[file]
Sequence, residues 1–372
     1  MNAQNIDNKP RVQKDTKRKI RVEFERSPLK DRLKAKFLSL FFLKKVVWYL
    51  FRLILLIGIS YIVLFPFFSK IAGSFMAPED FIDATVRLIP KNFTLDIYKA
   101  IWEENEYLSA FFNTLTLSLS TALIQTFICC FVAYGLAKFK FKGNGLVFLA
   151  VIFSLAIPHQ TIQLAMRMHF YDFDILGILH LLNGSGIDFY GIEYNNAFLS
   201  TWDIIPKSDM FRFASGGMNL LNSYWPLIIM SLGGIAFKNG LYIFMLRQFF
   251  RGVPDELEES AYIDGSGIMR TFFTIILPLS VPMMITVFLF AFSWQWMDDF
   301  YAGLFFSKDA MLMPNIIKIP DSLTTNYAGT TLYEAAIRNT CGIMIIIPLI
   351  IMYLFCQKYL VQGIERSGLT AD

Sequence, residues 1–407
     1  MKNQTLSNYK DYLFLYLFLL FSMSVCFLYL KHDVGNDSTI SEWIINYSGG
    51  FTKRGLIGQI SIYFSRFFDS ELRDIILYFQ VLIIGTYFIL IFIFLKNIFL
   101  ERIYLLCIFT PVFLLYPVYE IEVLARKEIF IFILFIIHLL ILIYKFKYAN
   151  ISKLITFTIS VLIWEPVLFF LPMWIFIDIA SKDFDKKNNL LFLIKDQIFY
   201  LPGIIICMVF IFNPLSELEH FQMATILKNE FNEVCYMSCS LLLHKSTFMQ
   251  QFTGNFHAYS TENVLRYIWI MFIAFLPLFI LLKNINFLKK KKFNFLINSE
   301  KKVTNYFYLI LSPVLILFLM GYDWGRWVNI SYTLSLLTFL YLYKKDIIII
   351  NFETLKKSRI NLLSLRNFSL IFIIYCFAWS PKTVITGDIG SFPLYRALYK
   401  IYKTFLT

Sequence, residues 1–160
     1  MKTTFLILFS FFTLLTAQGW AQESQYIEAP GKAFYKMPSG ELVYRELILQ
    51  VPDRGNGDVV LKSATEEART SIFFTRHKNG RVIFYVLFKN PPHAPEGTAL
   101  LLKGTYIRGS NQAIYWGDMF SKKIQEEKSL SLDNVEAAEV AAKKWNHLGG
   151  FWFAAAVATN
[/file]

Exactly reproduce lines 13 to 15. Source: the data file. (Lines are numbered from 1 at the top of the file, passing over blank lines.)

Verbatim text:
   101  ERIYLLCIFT PVFLLYPVYE IEVLARKEIF IFILFIIHLL ILIYKFKYAN
   151  ISKLITFTIS VLIWEPVLFF LPMWIFIDIA SKDFDKKNNL LFLIKDQIFY
   201  LPGIIICMVF IFNPLSELEH FQMATILKNE FNEVCYMSCS LLLHKSTFMQ